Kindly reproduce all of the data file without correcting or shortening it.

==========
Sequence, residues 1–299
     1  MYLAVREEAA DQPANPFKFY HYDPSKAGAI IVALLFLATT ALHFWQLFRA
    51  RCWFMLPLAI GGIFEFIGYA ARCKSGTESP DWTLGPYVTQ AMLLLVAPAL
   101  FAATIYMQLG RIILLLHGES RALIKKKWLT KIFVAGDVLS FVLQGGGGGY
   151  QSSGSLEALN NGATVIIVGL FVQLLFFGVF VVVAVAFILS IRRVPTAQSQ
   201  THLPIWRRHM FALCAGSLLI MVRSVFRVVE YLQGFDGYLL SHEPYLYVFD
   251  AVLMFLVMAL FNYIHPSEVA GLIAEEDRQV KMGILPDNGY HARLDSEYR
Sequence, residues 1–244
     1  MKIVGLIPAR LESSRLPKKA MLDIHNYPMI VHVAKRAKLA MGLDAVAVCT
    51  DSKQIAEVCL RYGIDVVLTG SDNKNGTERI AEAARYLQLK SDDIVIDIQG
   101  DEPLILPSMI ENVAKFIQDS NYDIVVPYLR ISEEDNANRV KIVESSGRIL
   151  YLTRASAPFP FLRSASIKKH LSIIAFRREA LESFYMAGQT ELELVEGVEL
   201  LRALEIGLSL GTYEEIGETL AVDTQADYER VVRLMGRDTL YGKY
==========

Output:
Sequence, residues 1–299
     1  MYLAVREEAA DQPANPFKFY HYDPSKAGAI IVALLFLATT ALHFWQLFRA
    51  RCWFMLPLAI GGIFEFIGYA ARCKSGTESP DWTLGPYVTQ AMLLLVAPAL
   101  FAATIYMQLG RIILLLHGES RALIKKKWLT KIFVAGDVLS FVLQGGGGGY
   151  QSSGSLEALN NGATVIIVGL FVQLLFFGVF VVVAVAFILS IRRVPTAQSQ
   201  THLPIWRRHM FALCAGSLLI MVRSVFRVVE YLQGFDGYLL SHEPYLYVFD
   251  AVLMFLVMAL FNYIHPSEVA GLIAEEDRQV KMGILPDNGY HARLDSEYR
Sequence, residues 1–244
     1  MKIVGLIPAR LESSRLPKKA MLDIHNYPMI VHVAKRAKLA MGLDAVAVCT
    51  DSKQIAEVCL RYGIDVVLTG SDNKNGTERI AEAARYLQLK SDDIVIDIQG
   101  DEPLILPSMI ENVAKFIQDS NYDIVVPYLR ISEEDNANRV KIVESSGRIL
   151  YLTRASAPFP FLRSASIKKH LSIIAFRREA LESFYMAGQT ELELVEGVEL
   201  LRALEIGLSL GTYEEIGETL AVDTQADYER VVRLMGRDTL YGKY